“If I don’t do everything I wanted to do today, am I a failure?”  Fear of failure is strong and we all handle it differently.  In some cases, the fear of failure can be crippling and stop us from trying at all.  I would be first to admit that some days I look at what I wanted to accomplish, start to lay out a plan and schedule to do it, and then realize I don’t have enough time to do it all.  Is this a failure?  Sometimes it is; but I try to think of the failure not in terms of my not being able to do it all, rather that I am trying to do more than I should or are able to do today.  This question can correlate with the “worst thing” question previously, but I like to think of it separately.  The consequence of failure can stop you from trying – and that can be a pretty powerful “worst thing”.  Rather than not trying in this case, consider trying to do less, in which I mean identify a few highly impactful tasks, and delegate or eliminate less impactful tasks.

Staying on track with our goals, plans, aspirations, dreams, and visions can be challenging.  I believe that finding both the motivating factors for accomplishing and the consequences for not accomplishing the tasks related to our goals and dreams is important to keep us on track.  One without the other will either cause us to freeze in our tracks like a deer in the headlights or result in our randomly flitting about like a balloon when we let all the air out.  Motivation and Consequence provide balance for each other.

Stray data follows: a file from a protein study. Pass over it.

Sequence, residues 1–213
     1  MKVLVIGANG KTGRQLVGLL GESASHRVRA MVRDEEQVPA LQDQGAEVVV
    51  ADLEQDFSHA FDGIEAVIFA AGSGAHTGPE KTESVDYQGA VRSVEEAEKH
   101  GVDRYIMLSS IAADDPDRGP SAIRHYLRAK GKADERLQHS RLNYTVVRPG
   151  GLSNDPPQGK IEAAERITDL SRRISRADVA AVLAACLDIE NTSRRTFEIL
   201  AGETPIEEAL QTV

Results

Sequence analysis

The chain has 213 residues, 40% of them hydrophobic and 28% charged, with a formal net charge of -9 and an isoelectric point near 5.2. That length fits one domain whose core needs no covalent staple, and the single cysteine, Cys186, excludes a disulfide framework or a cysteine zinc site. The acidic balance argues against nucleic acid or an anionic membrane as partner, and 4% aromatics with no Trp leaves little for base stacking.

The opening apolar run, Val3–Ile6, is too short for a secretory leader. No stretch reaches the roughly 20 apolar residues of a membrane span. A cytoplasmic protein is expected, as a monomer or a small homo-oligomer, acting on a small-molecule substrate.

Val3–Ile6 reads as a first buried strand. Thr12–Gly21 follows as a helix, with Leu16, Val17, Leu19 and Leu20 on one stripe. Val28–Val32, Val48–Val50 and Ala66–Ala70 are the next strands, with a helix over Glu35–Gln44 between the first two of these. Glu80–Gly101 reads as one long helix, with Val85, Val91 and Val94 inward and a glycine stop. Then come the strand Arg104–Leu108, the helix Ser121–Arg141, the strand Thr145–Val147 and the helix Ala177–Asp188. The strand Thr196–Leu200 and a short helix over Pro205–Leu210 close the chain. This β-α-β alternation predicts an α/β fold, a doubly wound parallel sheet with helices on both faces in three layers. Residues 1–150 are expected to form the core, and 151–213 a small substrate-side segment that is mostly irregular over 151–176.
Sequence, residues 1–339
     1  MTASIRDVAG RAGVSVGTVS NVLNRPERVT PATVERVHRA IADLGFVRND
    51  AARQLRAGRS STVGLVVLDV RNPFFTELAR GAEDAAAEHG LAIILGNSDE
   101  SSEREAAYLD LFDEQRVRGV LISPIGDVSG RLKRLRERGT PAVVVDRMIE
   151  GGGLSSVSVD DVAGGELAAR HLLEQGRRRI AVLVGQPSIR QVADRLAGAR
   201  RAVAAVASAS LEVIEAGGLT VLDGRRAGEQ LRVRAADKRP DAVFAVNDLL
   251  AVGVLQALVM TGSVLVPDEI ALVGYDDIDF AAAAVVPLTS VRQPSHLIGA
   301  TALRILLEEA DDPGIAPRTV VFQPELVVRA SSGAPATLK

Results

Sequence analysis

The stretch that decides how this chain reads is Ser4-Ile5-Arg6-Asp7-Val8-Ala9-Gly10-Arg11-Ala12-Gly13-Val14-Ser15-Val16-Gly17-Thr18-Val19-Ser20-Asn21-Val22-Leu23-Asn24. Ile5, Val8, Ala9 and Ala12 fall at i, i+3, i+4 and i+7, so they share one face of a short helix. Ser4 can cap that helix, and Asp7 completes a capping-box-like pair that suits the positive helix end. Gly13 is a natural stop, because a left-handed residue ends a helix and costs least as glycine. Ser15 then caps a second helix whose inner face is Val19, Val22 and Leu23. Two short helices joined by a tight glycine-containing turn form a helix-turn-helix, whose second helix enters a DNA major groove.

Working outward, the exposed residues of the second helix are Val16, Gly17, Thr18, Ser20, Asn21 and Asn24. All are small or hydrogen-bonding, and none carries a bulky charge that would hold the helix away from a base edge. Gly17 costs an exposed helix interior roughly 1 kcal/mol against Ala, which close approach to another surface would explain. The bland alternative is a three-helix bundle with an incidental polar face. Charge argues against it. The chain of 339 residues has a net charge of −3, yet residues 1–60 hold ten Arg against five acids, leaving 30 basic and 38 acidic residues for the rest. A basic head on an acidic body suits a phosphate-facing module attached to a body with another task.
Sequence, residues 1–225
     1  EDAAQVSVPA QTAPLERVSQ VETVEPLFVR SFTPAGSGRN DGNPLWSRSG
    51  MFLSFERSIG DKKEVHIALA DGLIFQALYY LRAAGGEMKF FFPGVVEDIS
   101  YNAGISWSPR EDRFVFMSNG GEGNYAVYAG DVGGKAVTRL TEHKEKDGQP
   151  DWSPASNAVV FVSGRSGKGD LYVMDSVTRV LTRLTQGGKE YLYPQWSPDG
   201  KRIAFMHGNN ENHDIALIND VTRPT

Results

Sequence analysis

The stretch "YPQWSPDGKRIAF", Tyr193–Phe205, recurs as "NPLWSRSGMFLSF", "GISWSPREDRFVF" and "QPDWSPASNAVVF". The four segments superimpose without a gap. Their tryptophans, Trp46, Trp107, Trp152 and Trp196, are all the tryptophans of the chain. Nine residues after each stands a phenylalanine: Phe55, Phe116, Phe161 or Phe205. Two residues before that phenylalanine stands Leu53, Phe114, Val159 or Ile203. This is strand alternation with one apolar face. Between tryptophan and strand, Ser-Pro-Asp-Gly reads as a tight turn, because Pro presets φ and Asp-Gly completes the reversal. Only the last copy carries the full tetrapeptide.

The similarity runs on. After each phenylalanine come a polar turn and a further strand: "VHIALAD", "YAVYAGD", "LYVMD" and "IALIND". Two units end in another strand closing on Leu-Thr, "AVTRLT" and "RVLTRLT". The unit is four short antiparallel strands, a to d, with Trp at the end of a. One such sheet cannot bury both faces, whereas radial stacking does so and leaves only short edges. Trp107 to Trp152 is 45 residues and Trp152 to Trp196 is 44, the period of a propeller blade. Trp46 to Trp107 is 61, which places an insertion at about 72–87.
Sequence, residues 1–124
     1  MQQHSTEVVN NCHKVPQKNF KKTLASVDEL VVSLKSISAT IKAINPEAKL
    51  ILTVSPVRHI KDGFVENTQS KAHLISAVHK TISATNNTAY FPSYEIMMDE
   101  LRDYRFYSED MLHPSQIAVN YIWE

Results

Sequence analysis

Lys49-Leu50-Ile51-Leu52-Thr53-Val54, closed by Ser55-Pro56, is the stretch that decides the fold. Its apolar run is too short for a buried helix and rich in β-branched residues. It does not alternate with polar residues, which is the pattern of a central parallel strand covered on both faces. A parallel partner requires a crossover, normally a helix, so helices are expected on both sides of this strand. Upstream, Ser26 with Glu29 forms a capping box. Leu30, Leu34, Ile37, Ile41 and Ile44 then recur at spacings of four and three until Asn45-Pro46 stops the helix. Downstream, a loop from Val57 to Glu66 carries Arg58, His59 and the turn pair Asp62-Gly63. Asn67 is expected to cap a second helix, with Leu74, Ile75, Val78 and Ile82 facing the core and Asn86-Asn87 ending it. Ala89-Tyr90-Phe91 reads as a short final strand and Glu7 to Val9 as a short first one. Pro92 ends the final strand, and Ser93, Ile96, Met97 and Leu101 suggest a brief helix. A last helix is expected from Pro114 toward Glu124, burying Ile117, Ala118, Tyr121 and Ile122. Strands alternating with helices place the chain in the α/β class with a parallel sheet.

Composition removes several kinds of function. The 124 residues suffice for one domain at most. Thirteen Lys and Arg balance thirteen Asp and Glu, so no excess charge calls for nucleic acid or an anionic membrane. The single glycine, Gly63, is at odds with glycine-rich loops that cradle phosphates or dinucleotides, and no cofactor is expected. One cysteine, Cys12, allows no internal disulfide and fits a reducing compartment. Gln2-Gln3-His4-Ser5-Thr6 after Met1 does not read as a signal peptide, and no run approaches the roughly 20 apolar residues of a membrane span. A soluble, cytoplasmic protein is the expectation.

Don’t forget to check out our website to learn more about Clear Success Group and what we do.  We love to hear feedback and encourage your getting in on the conversation.  You can reach us at or go to the Contact Us on our website.

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Joe Pechacek

Joe Pechacek